Iraq war architect in Global Crossing conflict of interest
Perle paid to persuade...
Among the neo-conservatives advising US President George W. Bush on matters military and imperial, Richard Perle looms large as Chairman of the Defense Policy Board, an unpaid policy brain trust appointed by Defense Secretary Donald Rumsfeld. Perle, a former Reagan-Administration Assistant Defense Secretary, is associated, through numerous radiating lines of Washington patronage, to a gaggle of Reaganite and Bush Senior re-treads moving and shaking in Washington today.
These include members of neo-imperialist organizations like the American Enterprise Institute and Project for the New American Century, which bring together such ambitious America-uber-alles luminaries as Donald Rumsfeld, Dick Cheney, Paul Wolfowitz and Bill Kristol. They urge military policies engineered to make the Middle East US-friendly by force, and have been instrumental in inducing Bush Junior to serve up Saddam Hussein as a convenient scapegoat for the maddeningly elusive Osama bin Laden.
"Saddam Hussein is at the very core of the war against terrorism. There can be no victory in the war against terrorism if, at the end of it, Saddam Hussein is still in power...because he is the symbol of defiance of all Western values," Perle asserted during an interview a scant four weeks after the 9/11 atrocity.
So what's this got to do with the technology industry? Nothing, one would hope; but unfortunately, financially-dessicated telecoms outfit and former giant Global Crossing is looking to get bought by bargain-hungry foreigners, and the Department of Defense deems this rather a poor idea. The US government uses the company's pipes, so its sale to Hutchison Whampoa, owned by a Hong Kong business tycoon, and Singapore Telemedia, a phone company owned by the local government, raises rather obvious national-security difficulties and doubts.
Thus Perle has been retained by Global Crossing to work his persuasive magic with stubborn DoD skeptics. He's being paid US $725,000 for his lobbying efforts if they succeed, a mighty sum when one considers the company's slide from a $4 billion behemoth to a $400 million pipsqueak with gargantuan debts. The regulatory organ Perle has been hired to 'persuade' is called CFIUS (Committee on Foreign Investment in the US), and it has the legal power to block the sale. The problem is that Perle appears to have been assigned the task of using his position with the Defense Policy Board to benefit a private client, something frowned upon in Washington. Because $600,000 of Perle's anticipated reward is contingent on the sale going through, it's hard to deny that he's motivated to bend perceptions on his client's behalf.
"As the chairman of the Defense Policy Board, I have...intimate knowledge of the national defense and security issues that will be raised by the CFIUS review process that is not...available to the other CFIUS professionals," Perle wrote in an affidavit. Perle told the New York Times that this extremely suggestive language was inserted due to a "clerical error". He said that he had seen it in a draft and had struck it out. He later said that after striking it out, it mysteriously re-appeared in the final copy, which he signed without noticing the error.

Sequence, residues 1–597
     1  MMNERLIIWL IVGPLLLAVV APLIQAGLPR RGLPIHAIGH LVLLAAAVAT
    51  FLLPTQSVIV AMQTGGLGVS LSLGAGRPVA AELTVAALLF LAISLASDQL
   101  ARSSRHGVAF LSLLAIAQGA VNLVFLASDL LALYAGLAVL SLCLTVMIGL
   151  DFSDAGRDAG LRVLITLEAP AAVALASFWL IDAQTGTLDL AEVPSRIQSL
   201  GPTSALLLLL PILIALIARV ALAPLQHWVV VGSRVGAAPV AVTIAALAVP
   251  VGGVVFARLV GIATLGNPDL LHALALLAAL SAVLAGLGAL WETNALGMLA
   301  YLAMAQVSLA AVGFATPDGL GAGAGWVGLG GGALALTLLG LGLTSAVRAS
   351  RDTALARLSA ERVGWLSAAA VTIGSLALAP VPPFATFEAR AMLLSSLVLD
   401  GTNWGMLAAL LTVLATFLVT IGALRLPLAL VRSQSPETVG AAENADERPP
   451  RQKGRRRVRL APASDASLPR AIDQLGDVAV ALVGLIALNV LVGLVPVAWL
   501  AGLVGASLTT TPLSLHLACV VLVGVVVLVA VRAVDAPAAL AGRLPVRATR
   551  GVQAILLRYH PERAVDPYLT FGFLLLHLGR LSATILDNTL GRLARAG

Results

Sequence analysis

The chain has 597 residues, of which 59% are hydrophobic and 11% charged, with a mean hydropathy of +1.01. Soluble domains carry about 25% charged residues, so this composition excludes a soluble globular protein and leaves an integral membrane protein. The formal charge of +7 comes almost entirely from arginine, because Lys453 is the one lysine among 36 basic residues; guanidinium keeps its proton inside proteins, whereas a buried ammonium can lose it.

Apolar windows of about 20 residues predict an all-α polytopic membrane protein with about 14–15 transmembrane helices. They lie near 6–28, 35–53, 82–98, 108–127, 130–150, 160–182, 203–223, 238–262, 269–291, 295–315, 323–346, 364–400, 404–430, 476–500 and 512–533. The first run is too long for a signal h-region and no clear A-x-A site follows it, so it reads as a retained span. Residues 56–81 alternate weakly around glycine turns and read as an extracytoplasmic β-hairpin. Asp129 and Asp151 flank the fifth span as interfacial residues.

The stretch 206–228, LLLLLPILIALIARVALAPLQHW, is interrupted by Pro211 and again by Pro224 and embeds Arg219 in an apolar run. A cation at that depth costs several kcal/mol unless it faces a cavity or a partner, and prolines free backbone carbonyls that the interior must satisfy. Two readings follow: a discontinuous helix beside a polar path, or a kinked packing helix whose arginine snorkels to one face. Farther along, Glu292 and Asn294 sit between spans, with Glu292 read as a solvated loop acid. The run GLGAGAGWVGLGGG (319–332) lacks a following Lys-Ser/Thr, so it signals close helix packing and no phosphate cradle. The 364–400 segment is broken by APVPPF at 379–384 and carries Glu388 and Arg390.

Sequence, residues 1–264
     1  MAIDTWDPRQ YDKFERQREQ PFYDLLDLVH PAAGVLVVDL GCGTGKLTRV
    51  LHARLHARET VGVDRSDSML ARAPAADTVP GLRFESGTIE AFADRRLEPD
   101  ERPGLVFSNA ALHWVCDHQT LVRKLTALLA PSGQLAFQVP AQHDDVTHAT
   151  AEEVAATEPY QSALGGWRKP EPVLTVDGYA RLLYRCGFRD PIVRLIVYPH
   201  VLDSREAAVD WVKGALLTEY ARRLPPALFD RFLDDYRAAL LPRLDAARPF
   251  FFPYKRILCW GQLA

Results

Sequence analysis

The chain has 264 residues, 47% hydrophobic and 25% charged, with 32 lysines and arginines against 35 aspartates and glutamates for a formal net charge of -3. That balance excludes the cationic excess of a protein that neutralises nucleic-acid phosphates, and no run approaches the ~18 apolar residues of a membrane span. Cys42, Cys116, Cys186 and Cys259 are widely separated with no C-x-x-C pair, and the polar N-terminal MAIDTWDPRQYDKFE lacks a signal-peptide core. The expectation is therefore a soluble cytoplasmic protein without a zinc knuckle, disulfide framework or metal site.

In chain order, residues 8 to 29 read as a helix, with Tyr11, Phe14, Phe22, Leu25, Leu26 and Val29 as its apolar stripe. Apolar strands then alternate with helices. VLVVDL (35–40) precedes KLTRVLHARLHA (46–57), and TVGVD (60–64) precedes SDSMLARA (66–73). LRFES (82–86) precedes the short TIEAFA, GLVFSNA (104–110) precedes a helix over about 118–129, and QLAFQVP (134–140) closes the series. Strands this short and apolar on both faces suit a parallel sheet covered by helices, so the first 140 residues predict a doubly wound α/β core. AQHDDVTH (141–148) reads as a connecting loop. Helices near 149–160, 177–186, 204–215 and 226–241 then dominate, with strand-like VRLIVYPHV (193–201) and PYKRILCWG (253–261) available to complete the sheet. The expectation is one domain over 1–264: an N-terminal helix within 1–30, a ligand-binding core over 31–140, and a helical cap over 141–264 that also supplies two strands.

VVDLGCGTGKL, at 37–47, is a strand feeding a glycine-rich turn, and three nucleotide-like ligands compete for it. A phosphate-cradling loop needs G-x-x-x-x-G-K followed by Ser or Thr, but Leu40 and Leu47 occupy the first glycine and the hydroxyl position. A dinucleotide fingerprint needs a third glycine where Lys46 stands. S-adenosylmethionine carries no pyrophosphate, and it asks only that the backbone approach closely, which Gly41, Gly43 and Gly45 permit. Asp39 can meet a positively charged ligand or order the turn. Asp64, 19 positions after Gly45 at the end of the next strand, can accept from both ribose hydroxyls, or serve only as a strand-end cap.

He rejects any notion that there could be influence peddling going on. "I'm not using public office for private gain because the Defense Policy Board has nothing to do with the CFIUS process," the NYT quotes him as saying. And of course that's strictly correct; but he has something to do with it, and his position with DPB is a major reason why he's been chosen. We might question the wisdom of a high-level defense advisor who sees nothing wrong with selling a network used by Uncle Sam to the Chinese, and wonder if his advice on re-structuring the Middle East is of any better quality.
Perle has also been in the news recently for other reasons. Displeased by a piece on him in the New Yorker by veteran journalist Seymour Hersh, Perle moderately told CNN: "Look, Sy Hersh is the closest thing American journalism has to a terrorist, frankly." Then for good measure followed it up by telling the New York Sun that the New Yorker piece was " all lies, from beginning to end," and that he was launching a libel action in London. Says the Sun: "He said he is suing in Britain because it is easier to win such cases there, where the burden on plaintiffs is much less."
Nice. The Register's local spotters feel that Perle may have got slightly the wrong impression about the UK libel process, but nevertheless look forward to seeing him there in the witness box. Alongside, we trust, Adnan Khashoggi and a galaxy of stars from recent and not-so-recent Republican administrations. ®
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